Making India to have better sanitation system Ronnie Screwvala

If we believe we are solving the problem of rural India by giving them toilets, we are far from reality
Making India to have better sanitation system Ronnie Screwvala

Making sanitation as one of an important part of rural lives. Yet, their journey to make it is being a tough of. Talking about India its been years and decades and centuries where more than half percent population of the nation are being surviving without proper infrastructure, sanitation facilities and education and health services. Poverty is the word which is always associated with them. Thus to solve the complexities the government along with other private and non government organisation have started plans to ease their lives and bring solutions.

What exactly is this poverty that has crippled our nation for years, holding us back from achieving our true potential? The problem stems from a general misconception that rural India is eagerly awaiting sophisticated solution providers from urban India. If we believe we are solving the problem of rural India by giving them toilets, we are far from reality. The proposition is plagued by the underlying assumption that villagers will instantly abandon the common recourse of defecating in the open and adopt the facilities built for them, and that one year down the line these toilets will automatically be maintained, kept clean and used, observed by Ronnie Screwvala.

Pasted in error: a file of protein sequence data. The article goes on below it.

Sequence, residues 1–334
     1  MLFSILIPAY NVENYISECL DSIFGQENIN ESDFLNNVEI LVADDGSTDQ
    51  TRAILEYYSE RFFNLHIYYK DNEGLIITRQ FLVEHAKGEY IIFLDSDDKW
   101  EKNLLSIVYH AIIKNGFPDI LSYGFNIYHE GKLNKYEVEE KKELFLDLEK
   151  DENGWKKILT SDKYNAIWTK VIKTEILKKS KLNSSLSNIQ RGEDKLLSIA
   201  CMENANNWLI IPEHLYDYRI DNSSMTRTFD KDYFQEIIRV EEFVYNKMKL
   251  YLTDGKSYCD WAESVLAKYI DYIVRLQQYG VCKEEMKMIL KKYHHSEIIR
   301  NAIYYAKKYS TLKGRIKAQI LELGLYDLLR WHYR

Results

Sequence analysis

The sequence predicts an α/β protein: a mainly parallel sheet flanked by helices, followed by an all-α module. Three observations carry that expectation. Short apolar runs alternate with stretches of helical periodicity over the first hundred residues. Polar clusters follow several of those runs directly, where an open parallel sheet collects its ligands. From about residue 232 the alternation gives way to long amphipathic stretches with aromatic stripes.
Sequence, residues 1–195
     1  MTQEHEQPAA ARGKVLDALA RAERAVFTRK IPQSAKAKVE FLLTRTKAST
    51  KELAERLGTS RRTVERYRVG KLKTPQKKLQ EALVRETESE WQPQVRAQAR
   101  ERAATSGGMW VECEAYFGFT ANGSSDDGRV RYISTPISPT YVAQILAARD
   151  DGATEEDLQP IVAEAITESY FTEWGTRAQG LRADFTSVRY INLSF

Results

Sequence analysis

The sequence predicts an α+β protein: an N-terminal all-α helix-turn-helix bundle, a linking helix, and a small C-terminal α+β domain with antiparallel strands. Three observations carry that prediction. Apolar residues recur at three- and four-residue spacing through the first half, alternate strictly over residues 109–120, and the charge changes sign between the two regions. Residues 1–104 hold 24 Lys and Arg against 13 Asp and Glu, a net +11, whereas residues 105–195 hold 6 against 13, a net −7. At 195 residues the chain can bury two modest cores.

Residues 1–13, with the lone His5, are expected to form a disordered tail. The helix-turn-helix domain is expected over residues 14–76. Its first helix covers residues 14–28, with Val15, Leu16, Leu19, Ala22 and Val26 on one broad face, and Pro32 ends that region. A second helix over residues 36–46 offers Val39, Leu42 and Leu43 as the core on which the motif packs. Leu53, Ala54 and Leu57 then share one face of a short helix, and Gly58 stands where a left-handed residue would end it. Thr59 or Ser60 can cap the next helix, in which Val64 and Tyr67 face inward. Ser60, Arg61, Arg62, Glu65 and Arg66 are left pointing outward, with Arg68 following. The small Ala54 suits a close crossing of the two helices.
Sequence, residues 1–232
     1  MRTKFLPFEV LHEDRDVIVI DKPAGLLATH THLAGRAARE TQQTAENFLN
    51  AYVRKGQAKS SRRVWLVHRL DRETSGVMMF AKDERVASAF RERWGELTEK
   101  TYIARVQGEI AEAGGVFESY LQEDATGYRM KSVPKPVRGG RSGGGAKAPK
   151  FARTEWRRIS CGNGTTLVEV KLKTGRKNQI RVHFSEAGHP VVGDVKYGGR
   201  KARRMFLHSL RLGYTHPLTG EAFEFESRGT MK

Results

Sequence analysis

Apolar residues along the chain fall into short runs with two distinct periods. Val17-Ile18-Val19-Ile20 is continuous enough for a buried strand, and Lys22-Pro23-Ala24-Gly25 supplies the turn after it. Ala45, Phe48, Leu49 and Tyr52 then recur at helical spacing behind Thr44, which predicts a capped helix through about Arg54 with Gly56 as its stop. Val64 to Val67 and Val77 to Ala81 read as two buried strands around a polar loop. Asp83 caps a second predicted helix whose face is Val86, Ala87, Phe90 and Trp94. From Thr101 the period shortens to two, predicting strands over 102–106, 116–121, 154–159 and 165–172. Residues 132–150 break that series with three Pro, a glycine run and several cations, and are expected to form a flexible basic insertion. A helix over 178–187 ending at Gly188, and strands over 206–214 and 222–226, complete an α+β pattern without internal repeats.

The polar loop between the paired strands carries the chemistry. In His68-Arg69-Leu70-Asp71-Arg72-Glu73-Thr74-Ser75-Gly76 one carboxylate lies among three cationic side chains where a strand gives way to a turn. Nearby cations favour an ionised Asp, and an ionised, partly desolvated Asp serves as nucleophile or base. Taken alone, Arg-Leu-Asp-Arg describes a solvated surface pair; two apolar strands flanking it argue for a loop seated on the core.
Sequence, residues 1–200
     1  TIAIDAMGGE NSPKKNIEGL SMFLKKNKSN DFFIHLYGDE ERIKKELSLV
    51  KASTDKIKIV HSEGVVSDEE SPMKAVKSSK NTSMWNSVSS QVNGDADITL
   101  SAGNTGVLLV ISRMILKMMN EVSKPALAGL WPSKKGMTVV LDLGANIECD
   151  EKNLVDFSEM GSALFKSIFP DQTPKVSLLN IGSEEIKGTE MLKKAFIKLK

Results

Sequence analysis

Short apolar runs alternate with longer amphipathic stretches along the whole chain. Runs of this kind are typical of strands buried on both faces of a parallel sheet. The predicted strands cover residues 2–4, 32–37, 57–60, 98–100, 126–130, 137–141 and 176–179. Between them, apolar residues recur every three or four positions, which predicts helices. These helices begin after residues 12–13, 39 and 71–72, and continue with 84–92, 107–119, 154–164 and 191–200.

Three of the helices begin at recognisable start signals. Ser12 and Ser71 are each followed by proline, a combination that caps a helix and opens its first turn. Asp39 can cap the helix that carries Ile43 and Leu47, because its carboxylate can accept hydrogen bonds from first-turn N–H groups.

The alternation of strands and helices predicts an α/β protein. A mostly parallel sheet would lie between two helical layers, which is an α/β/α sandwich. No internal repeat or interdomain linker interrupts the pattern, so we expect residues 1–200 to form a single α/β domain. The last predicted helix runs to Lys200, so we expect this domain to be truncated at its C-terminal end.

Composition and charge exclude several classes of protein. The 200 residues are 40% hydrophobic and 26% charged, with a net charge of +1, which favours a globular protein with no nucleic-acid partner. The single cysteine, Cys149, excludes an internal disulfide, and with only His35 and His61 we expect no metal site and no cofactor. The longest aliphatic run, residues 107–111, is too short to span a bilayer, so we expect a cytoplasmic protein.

Similarly, our expectation of children and their parents to line up for admission by providing them school facilities, or hoping for huge turnouts at eye camps after identifying that a staggering 19% of India needs spectacles or simple cataract surgeries is sadly untrue and unrealistic. That’s because we are not attacking the core of the problem but trying to giving a synthetic solution to a complex and deeply embedded phenomenon of poverty in our society.

Beyond Sops & Support Another unfortunate truth of our country’s rural development agenda is that we have perpetuated an environment of "handouts" around our rural and less privileged communities, so much so that now most expect some form of continued subsidy and external support at every stage, which can only lead to a life devoid of any ambition and aspiration. This can never create empowerment and, in turn, never bring about permanent change. And it is permanent change that we need here on, not continued support.

To be able to truly help improve the lives of rural communities and be truly disruptive, we need to internalise four words: trust, empathy, aspiration and empowerment. There is a vast chasm of mistrust that needs to be crossed by social enterprises. And trust-building is not an overnight process. It requires sustained presence on the ground as well as ongoing communication. Too often have these communities encountered those who come enthusiastically, promise emphatically and vanish quickly. Locals need to understand and participate in the development that is proposed for them. Once trust is secured, it is essential to build empathetic relationships that transform community feedback into channels for locally sustainable solutions. These solutions then increase the access of deprived communities to essential services like education, healthcare and sanitation and, most important, creating livelihood opportunities. Only all of them together can bring out a positive change.

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